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Figure 1 shows how the procedure just described can be used to design a Fresnel zone plate that will create an Airy beam at its focus: an Airy Fresnel zone plate. Figure 1(i) shows the field calculated at the plane of the Fresnel zone plate, CAiry(x,y)expi(ϕlens+ϕtilt). This is then binarized using Eq. (1), yielding TAiryZP(x,y), the binary transmittance function of an off-axis Airy Fresnel zone plate, shown in Fig. 1(j). Figure 1(k) shows a simulation of the intensity of the Fresnel diffraction pattern at the focal plane of the Airy Fresnel zone plate when it is illuminated with a plane wave. The target Airy beam is created in the +1st order (the amplitude and phase of the first order are shown in the insets). The 0th order of this mask is unfocused, and the 1st order is diverging.

A. Beam Fidelity

The normalized fidelity F quantifies how faithfully the target field is generated (0F1, where 1 represents perfectly correlated complex fields). This can be calculated from the overlap integral of the target complex field U(x,y), and the complex field actually generated by the generalized Fresnel zone plate V(x,y), in the first order of the diffraction pattern:

F=|1NFU(x,y)V*(x,y)dxdy|2,
NF=[|U(x,y)|2dxdy×|V(x,y)|2dxdy]12,
where NF is the normalization constant and the limits of the integrals are determined by the region of interest around the first order of the diffraction pattern.

Using Eq. (8), the theoretical fidelity of the Airy beam generated by the Airy Fresnel zone plate TAiryZP(x,y) is F=0.99. This is slightly lower than 1 due to the small amount of light scattered into the region of the Airy beam from the other diffraction orders. F increases as the target field is tilted further off-axis and the diffraction orders are further separated. Conversely, if the target field is not tilted off-axis, the fidelity of the generated beam is severely reduced to F=0.70 by interference with other on-axis diffraction orders [as shown in Figs. 1(d) and 1(e)].

3. GENERALIZED PHOTON SIEVES

We now describe how the method illustrated in Section 2 can be further adapted to design generalized photon sieves that encode arbitrary complex fields at their foci. Evidently, the Airy Fresnel zone plate shown in Fig. 1(j) can be coarse-grained into pinholes positioned along the grating apertures. A similar approach has been used, for example, to coarse-grain an on-axis spiral Fresnel zone plate into a small number of pinholes to create beams carrying OAM [37]. While this produces an approximation to the required beam, the precise positioning of the pinholes will introduce additional diffraction orders into the radiated diffraction pattern, which may interfere with the target field and/or create unwanted additional intensity peaks at the focal plane. Here, we now describe a direct method (without the need for any iterative refinement) to calculate the position of pinholes in order to ensure that these additional diffraction orders are well controlled, preserving the formation of a high-fidelity target field.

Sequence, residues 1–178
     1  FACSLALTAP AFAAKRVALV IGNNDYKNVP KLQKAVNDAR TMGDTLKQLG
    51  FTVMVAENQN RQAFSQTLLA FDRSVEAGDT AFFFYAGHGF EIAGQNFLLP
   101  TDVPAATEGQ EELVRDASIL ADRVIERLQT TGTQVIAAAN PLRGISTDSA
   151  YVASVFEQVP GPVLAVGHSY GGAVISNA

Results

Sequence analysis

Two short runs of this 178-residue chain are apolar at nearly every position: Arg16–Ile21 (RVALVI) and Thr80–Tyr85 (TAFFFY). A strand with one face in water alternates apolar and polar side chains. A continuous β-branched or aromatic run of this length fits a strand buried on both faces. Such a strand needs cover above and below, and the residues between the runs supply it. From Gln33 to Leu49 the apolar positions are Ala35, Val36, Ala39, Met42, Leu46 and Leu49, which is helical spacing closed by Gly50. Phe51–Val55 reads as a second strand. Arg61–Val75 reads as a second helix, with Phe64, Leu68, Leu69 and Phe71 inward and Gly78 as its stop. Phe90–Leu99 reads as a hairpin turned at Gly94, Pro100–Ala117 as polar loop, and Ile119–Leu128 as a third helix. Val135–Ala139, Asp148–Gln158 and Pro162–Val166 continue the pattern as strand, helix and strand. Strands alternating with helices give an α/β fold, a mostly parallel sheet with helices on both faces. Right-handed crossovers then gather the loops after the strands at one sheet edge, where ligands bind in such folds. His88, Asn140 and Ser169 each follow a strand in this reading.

The choice of pinhole positions relies on a basic principle: we consider the interference field created by two beams incident with tilts about orthogonal axes, as shown in Fig. 2(a). Here, we take the primary beam as the field focusing to produce the target field as just described, traveling with some tilt (θ1) with respect to the optical axis [for example, Fig. 1(i) showing CAiry(x,y)expi(ϕlens+ϕtilt)]. We now consider a secondary beam, traveling with a tilt (θ2) about an orthogonal axis to the primary beam. As the primary and secondary beams are tilted about orthogonal axes, we would expect the binary transmittance function calculated from their interference field to exhibit a structure reminiscent of two crossed gratings: a pinhole-like structure. Figure 2(b) shows the amplitude and phase of such an interference field. By keeping the amplitudes of the primary and secondary beams the same, their interference field forms a 2D quasi-periodic array as shown in Fig. 2(b). Therefore, the binary transmittance function of this dual beam Fresnel zone plate, calculated as before using Eqs. (1)–(3), is formed from an array of isolated apertures as shown in Fig. 2(c). The diffraction pattern at the focal plane of the dual-beam Fresnel zone plate now contains two first orders, each associated with the primary or secondary beam used to create it. Even though the apertures are not perfectly circular, the dual-beam Fresnel zone plate is very well approximated by replacing each aperture with a circular pinhole of equivalent area, positioned at the center of mass of the original aperture, creating a photon sieve. Figure 2(d) shows an Airy photon sieve, of binary transmittance function TAiryPS(x,y), created by following the procedure just described.

 figure: Fig. 2.